The Angel who was born blind

With financial constraints limiting her parents, she was destined to live behind a curtain, but help came and her eyes opened

22 May 2018 . 20,402 Views

At just under two years, Angel Wairimu’s smile reveals her first two milk teeth, the signature mark of babies who are only learning how to run around.

She follows conversations in the humble homestead in Wamwangi, Gatundu South, in Kiambu County with as much attention as a baby her age can give.

She’s fascinated with the gadgets brought in by visitors though with some reservations, and she clutches dearly to her mum, giving out the light cry for attention that babies give when they want to suckle.

“Every time I see her saunter towards the gate on hearing my voice, I’m reminded yet again that there is God,” Angel’s father, John Kiruga, says.

His faith-inspired statement is borne out of the journey he has walked with Angel.

Angel with her mother Eunice Wakarura at their home in Gatundu.

She was born normal but when she was about seven months old, visitors to their home drew the mother, Eunice Wakarura’s attention to something amiss; could it be that the little girl couldn’t actually see?

“We had never noticed,” she said from her tin-walled house, her husband by her side. “Then we decided to have it investigated.”

Doctors at Gatundu Level IV Hospital confirmed their worst fears; Angel could not see due to what doctors said was congenital cataracts, a lens opacity at birth that causes visual impairment. They referred the baby to Thika Level V Hospital from where they were in turn referred to Kikuyu Mission Hospital to seek specialised treatment.

“We went to Kikuyu Hospital alright but came away dejected,” said Mr Kiruga. “The treatment would cost almost Sh60,000. We neither had the money nor an idea where to start looking for it.

It was a tall order for a peasant family living on a piece of land handed down by their parents and who had no stable source of income.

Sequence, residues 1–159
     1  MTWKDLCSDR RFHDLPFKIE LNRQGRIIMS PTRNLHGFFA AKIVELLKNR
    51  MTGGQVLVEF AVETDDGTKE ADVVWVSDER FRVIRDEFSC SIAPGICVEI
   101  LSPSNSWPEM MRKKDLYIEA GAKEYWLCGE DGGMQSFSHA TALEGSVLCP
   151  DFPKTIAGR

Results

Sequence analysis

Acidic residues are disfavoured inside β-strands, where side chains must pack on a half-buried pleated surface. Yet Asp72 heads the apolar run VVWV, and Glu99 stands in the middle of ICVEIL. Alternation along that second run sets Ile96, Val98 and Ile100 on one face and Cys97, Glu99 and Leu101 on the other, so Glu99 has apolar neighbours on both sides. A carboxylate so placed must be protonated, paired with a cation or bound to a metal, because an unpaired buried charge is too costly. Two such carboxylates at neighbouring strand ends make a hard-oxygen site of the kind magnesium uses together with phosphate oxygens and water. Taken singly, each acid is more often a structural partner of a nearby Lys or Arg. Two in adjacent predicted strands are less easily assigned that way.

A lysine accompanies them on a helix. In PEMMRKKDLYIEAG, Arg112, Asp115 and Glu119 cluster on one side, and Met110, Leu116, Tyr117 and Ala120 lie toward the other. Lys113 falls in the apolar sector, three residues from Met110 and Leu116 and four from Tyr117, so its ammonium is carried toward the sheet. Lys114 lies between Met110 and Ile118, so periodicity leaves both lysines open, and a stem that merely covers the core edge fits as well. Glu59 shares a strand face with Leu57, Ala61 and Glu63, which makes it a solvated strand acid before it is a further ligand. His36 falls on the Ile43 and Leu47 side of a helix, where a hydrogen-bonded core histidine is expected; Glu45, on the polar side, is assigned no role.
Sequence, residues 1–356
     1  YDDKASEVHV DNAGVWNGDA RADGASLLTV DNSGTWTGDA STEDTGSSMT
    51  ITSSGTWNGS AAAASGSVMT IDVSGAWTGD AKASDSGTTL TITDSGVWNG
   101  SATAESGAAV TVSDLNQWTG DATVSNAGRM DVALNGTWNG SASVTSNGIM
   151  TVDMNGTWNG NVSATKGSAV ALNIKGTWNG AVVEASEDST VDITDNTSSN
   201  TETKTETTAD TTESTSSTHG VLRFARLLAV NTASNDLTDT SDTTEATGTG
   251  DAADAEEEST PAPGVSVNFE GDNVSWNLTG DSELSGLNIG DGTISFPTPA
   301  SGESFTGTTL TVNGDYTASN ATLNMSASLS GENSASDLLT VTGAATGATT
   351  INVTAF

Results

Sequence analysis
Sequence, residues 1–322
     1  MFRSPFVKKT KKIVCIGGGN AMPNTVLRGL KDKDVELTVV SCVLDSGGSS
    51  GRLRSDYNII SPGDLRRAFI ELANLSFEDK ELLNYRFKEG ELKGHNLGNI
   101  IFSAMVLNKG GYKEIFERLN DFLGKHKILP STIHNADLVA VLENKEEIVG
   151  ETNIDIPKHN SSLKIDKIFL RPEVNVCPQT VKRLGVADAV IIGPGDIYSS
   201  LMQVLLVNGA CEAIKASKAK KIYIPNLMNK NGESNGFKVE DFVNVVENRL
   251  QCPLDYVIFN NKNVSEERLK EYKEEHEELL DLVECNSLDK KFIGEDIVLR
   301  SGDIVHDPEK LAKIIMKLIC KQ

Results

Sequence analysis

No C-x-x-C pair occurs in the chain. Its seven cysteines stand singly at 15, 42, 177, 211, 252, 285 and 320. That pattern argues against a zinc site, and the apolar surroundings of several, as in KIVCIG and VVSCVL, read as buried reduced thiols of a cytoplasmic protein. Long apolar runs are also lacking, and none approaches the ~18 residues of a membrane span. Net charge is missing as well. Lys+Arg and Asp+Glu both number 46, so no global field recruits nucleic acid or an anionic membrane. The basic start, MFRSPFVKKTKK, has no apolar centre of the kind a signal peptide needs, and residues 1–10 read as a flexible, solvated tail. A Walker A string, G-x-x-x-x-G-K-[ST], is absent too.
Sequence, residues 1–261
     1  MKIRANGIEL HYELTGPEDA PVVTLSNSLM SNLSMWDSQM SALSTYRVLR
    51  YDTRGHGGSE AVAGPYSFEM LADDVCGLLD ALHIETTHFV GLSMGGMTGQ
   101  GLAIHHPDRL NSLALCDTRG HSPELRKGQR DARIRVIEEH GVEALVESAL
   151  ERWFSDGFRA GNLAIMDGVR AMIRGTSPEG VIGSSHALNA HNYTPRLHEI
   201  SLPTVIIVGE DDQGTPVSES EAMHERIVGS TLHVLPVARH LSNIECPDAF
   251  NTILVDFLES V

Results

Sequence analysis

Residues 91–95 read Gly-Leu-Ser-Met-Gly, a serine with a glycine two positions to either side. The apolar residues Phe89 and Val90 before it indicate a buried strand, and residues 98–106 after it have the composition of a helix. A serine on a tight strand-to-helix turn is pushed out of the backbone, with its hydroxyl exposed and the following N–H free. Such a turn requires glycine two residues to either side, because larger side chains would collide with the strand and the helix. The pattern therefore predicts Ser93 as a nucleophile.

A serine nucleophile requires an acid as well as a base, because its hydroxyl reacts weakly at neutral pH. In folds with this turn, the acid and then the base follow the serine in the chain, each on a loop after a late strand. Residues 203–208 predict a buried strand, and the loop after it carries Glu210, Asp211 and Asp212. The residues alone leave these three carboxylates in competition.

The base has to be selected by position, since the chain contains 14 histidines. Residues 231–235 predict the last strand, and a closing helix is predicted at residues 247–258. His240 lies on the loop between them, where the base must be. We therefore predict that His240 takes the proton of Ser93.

Angel’s mother says that she had resigned to fate and started to think of how to raise a blind child.

“There’s someone in our village who is blind and I was thinking that this is how my Angel would end up,” said Ms Wakarura.

Angel with her father John Kiruga at their home in Gatundu.

As fate would have it, Safaricom Foundation in partnership with the Kenya Diabetes Management and Information Centre held a medical camp on November 12, 2016 in Gatundu. Angel’s parents heard of the medical camp on radio and decided to give it a try.

“In many of our medical camps we come across a good number of people who live with health challenges knowingly or unknowingly due to lack of information or financial limitations,” said Dr Joseph Mwangi, the Health Co-ordinator at the Kenya Diabetes Management and Information Centre. “Many people suffer from different health problems but they don’t seek medical attention due to lack of money.”

He added: “We learnt that in Angel’s case, because of financial constraints, the surgery could not be conducted as it required Ksh60,000. Angel was brought to the medical camp in Gatundu for eye treatment and we picked the issue and instituted the process of funding the surgical intervention. The child was booked at Kikuyu Eye Hospital on January 7, 2017 and surgery was successfully done the following day.”

Angel is now a boundless bundle of energy.

“Before the treatment,” said Angel’s mother, “she could not recognise that she was about to be breastfed without touch. She was very inactive and would hardly crawl around.”

Now, she runs around the compound, reaching out for things and her sight is well restored.

“All I can see is a miracle,” says her father.

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